Equilibrium & Sustainability

Sprite retiring iconic green bottle for more sustainable, clear version

In this Feb. 24, 2011 file photo, a worker inspects bottles of Sprite at a Coca-Cola bottling plant in Cibitung , West Java, Indonesia.
AP Photo/Achmad Ibrahim, File
In this Feb. 24, 2011 file photo, a worker inspects bottles of Sprite at a Coca-Cola bottling plant in Cibitung , West Java, Indonesia.

Coca-Cola Co. announced on Wednesday that is is retiring Sprite’s iconic green bottle and replacing it with a more sustainable, clear one.

In a news release, the company announced the shift from the signature green color to the clear bottle will begin Monday.

The new bottles will use clear polyethylene terephthalate (PET), a strong, light plastic that is 100 percent recyclable. Although green Sprite bottles also use PET, they cannot be recycled into new bottles because of their color.

Coca-Cola’s entire portfolio of green bottles, including Fresca, Seagram’s and Mello Yello, will also transition to the clear PET in the near future.

Coca-Cola is working with the business R3CYCLE to enable more bottle-to-bottle recycling across the U.S.

Julian Ochoa, the CEO of R3CYCLE, said in a statement Wednesday that “taking colors out of bottles improves the quality of the recycled material.”

“This transition will help increase availability of food-grade PET,” Ochoa added. “When recycled, clear PET Sprite bottles can be remade into bottles, helping drive a circular economy for plastic.”

Coca-Cola on Wednesday also announced that a majority of its Dasani water bottles would transition for the first time to 100 percent PET plastic this summer.

The transition could save more than 20 million pounds of new plastic compared to 2019 and reduce more than 25,000 metric tons of greenhouse gas emissions.

Dasani itself has made a pledge to cut out 2 billion virgin plastic bottles of production by 2027 compared to 2021 levels.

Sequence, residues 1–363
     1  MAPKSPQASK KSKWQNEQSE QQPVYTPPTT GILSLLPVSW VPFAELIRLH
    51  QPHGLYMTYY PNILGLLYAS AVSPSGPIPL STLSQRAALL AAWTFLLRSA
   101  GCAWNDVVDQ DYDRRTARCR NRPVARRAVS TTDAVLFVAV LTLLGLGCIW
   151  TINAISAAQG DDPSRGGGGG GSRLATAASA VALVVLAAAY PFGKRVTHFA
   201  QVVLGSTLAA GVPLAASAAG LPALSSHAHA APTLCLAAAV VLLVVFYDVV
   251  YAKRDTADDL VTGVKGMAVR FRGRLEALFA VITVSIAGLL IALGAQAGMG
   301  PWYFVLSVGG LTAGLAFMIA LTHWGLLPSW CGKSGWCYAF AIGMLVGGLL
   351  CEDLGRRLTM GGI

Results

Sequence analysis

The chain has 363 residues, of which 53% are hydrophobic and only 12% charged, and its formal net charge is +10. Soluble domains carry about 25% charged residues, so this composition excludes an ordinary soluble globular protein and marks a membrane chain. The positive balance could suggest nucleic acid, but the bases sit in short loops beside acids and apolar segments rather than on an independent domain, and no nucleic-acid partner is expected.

Plastic waste has continued to grow into a bigger and bigger problem, reaching 400 million tons every year, according to the United Nations. Of the 7 billion tons generated globally so far, less than 10 percent has been recycled, with much of it going into the environment.

In fact, the problem is so widespread that a recent study for the first time found microplastics in human blood.

Beverages are a huge part of the waste production. Across the globe, 1 million plastic bottles are purchased every minute, according to the U.N.

Oceana, the world’s largest advocacy organization dedicated to ocean conservation, told The Hill it does not believe the transition to PET would make a big difference to halt the flow of plastic in the world’s oceans.

Matt Littlejohn, Oceana’s senior vice president of strategic initiatives, said Coca-Cola is the world’s top plastic polluter and recycling PET would not change that fact.

“Recycled content pledges do not change consumer behaviors or improve bottle collection rates,” Littlejohn said in a statement. “Bottles with recycled content will still be thrown away, sent to landfills, or littered. Some of these bottles will still end up in our oceans.”

Littlejohn said if Coca-Cola wants to help, the company should “stop promoting single-use, throwaway plastic bottles and instead deliver on its commitment to sell more of its drinks in refillable bottles,” which are usually made of glass but rarely used in widespread production.

“By turning to refillables, the company can dramatically reduce plastic pollution because the bottles are returned and reused and will not be, as a matter of course, thrown away,” he said.

Earlier this month, The Hill reported that the Biden administration was weighing setting limits on the use of single-plastics, which typically cannot be recycled.

—Updated at 4:58 p.m.

Tags Plastic Plastic pollution Sustainability

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